Muscle gain starter pack: Friendly fats and carbs for building body mass
In the next in our series on how to gain muscle and body mass while staying healthy, we talk more big food groups
Last week I spoke to you about the healthiest way to get the protein you need to build muscle at a steady pace. Yes, gaining muscle and body mass means eating more, but that doesn't mean there aren't still plenty of ways to make good choices.
Today we'll move on to the fats and carbohydrates. While last week was a bit of an essay, I'll go easy this time and focus on giving you the building blocks to get started. Contrary to what you might feel at the beginning, eating the right food to build up is not brain surgery. It's just common sense.
First - don't fad out
There are some crazy suggestions out there for things to eat to build up body mass, including “eat absolutely everything you want all the time” and “drink 4 litres of whole milk every day”. Now I know there are people who will put up with any amount of misery to get to the size they want in as little time as possible, including force-feeding themselves dairy products, but if you're one of those people, I suspect you wouldn't have read this far in the first place.
So, to the people who like to enjoy life - the world is full of lovely fats and carbs, and a whole lot of them will help you grow the right way.
Focus on fat
One thing the GOMAD diet (the crazy milk one) does get right - fat is actually more important than carbohydrate. While you definitely need carbohydrate in your diet, a lot of that is to get you the energy you need to have a great work out. For building up muscle mass, you want a diet high in healthy fats.
By healthy fats I mean unsaturated fats with proven links to good health. Nuts, olive oil and avocados are essential for helping you build mass the right way while keeping you healthy. The fats in these foods have links to healthy hearts and lower incidences of cancer, so you will feel the benefit both now in your workout and years down the line.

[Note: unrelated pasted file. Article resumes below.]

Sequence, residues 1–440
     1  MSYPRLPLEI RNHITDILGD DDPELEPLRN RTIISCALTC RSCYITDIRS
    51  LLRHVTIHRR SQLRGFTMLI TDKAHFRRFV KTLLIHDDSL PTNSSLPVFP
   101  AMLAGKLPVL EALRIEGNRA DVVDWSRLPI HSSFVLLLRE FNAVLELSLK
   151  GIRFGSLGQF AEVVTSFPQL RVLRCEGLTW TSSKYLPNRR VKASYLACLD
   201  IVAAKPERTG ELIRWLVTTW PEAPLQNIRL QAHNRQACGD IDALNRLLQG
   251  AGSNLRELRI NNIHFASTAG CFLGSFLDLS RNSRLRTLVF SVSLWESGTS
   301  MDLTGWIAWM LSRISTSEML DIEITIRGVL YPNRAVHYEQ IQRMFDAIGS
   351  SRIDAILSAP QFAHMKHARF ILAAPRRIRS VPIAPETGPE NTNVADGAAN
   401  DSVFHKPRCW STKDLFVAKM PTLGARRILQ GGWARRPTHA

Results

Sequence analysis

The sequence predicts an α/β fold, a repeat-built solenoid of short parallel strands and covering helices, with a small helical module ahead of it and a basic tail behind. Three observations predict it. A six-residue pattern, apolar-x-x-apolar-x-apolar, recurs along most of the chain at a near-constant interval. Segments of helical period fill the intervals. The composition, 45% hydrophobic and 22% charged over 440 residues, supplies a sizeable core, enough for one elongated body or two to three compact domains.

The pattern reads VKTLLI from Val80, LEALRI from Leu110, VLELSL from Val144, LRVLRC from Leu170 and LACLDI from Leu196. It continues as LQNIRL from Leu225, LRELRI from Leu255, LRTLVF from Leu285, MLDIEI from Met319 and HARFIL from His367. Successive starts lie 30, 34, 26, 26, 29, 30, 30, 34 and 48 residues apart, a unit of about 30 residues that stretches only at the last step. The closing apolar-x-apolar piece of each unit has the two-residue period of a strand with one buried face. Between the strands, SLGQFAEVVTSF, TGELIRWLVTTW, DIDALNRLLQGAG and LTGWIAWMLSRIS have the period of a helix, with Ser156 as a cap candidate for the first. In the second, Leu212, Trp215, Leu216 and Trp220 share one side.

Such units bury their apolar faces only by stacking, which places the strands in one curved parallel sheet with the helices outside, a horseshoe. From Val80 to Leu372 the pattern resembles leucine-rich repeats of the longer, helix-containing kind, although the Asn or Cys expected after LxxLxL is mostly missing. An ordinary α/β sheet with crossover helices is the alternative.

Eat the right carbs
Lots of processed carbohydrates like white bread, white pasta and chips, are fairly low on other forms of nutrition and cause a rapid release of energy that could mess with your insulin levels in the long run. That affects how your body manages energy levels and whether you're experiencing the right kind of weight gain (and in very extreme cases can lead to type 2 diabetes).
On the other hand whole grain carbohydrates like porridge oats, wholemeal rice and quinoa are balanced foods that contain more than just empty carbs and release energy slowly. They’ll give you the energy you need to keep working out while also keeping you healthy. They’ll provide essential vitamins and minerals and have proven health benefits that, like those healthy fats, are related to heart health and possibly cancer prevention.
Sweet potatoes are also great as starchy carbohydrates that provide lots of other vitamins and minerals.
Increase things slowly
There are two reasons for this. One, if you've been tiny all your life, trying to force yourself to eat loads all at once is just going to make you feel ill. Two, everyone's body is different.
My advice - record your eating habits for three days. Work out where you can easily increase levels of protein, fat and carbohydrate - snacks between meals, bigger portions. Increase things a bit for a week and see how you go. If you're not gaining weight at all, step up a notch and monitor things for another week, and so on. If you're interested in how much bulk you get from different foods, download a calorie tracker like MyFitnessPal - but don't treat it like a bible. Calories aren't everything.
Remember that if you're a woman, you probably won't need to increase how much food you eat compared to most men - this includes transitioning or transitioned women who are taking hormones. That's because testosterone plays a key role in building muscle, women don't produce as much, and so you will gain muscle at a much slower rate.
Right, for now I think that covers it for the major food groups (except to say - yes, you still have to eat your greens). In the next post I'll start digging down into the actual exercises to focus on to both build muscles and keep everything working the way it's supposed to.
More entries from this series -